Residents want city to improve drainage

Published 10:56 pm Friday, October 15, 2010

Contributing Editor

With a little luck, residents of the Smallwood subdivision in Washington may see their drainage problems after substantial rains solved sooner than later.
A group of Smallwood residents attended the City Council’s meeting Monday to complain about flooding that occurs in their neighborhood after heavy rains such as those earlier this month. Residents told of floodwaters damaging central air-conditioning/heat-pump units, duct work, garages and yards. At least one car was “flooded,” residents said. They also told of people kayaking in deep water on Rowan Place.
The group made similar complaints to the council May 15, 2006, adding they had received “no relief” since then. On Monday, the residents made it clear they want action instead of words this time around.
They could see action in the coming months.
Earlier this year, the council adopted a capital-projects ordinance to allocate funds for stormwater drainage projects in the city. The city is preparing to spend nearly $4 million on such improvements in the Jack’s Creek basin.
To pay for the projects, the city is looking at using $4 million of the nearly $6 million in Economic Recovery Zone Bond capacity awarded to the city by the N.C. Department of Commerce. Of the $4 million the city is looking at spending, $42,000 would be used to replace the roof at the city’s headquarters fire station at the corner of North Market and Fifth streets.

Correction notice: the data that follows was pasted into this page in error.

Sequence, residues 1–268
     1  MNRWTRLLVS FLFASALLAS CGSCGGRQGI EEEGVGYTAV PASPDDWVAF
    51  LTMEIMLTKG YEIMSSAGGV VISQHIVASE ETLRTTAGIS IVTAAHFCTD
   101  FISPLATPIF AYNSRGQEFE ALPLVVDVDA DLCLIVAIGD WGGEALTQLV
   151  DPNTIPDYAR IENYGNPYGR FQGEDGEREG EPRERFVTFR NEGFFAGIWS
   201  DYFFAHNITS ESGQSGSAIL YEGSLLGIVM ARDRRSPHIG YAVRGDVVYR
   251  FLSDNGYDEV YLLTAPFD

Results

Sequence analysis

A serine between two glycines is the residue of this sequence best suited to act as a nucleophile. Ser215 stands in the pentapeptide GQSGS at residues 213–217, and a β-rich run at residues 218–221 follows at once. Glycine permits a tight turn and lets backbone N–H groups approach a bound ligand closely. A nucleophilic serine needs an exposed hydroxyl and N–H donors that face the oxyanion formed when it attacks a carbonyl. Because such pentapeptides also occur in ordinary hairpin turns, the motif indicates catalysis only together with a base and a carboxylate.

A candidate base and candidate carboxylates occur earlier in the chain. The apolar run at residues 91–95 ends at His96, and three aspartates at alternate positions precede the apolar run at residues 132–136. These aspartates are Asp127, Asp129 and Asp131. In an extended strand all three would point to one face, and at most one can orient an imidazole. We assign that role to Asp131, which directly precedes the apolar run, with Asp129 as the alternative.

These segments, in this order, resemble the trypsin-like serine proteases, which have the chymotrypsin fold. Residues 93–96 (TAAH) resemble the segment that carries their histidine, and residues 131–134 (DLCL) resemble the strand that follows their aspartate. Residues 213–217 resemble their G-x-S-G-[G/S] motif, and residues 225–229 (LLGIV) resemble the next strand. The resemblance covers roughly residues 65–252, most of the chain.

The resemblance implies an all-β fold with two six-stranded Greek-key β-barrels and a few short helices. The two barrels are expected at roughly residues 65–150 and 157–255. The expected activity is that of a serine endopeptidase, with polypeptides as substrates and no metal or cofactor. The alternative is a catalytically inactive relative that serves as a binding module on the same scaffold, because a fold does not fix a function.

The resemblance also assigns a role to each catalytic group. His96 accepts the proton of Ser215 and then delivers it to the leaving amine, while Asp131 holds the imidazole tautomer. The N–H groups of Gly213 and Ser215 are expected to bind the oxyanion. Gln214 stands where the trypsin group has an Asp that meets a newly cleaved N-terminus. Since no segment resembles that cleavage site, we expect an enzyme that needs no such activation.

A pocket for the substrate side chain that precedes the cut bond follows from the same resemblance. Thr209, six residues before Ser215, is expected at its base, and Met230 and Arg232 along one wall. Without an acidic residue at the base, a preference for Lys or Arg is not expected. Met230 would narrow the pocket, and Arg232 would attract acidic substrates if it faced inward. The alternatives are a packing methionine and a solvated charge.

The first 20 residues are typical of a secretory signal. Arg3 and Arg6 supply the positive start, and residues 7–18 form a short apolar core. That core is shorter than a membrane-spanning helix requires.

If bids on the proposed improvements in the Jack’s Creek basin come in lower than expected, that could mean some of the $4 million could be used to address drainage problems in Smallwood, city officials said Monday. The city also may be able to use part of the remaining $2 million in Economic Recovery Zone Bond capacity to pay for drainage improvements in Smallwood.
A combination of both scenarios may be possible, according to Matt Rauschenbach, the city’s finance officer and assistant city manager.
The Smallwood residents told the council they want some of the Economic Recovery Zone Bond revenue spent on fixing drainage problems in their neighborhood.
Terry Sawyer, who lives at 301 Northwood Road, told the council he wants drainage improvements made where he lives.
“We don’t need environmental drainage. We need emergency drainage,” Sawyer said.
His remark about environmental drainage may have been a reference to an engineering study — made about nine years ago — that about $12 million in projects that would help alleviate the city’s drainage problem in the Jack’s Creek basin.
Allen Lewis, the city’s public-works director, explained why the Jack’s Creek basin, which carries away much of the stormwater runoff in the city, is in first in line for drainage improvements.
“Whenever you do drainage work, you start at the bottom and work your way up,” said Lewis, adding that doing otherwise creates more drainage-related problems.
“I’m tired of it,” Sawyer about the drainage problems.
“We know there’s a problem. We feel for you,” Mayor Archie Jennings told the residents, adding that addressing the drainage issues in Smallwood — and elsewhere in the city — is “a money problem.”
Jennings told the Smallwood residents the city is concerned about their drainage problems.
“Yours are among the highest in priorities,” he said.
Jennings said the city must “go the extra mile and give these folks some relief.”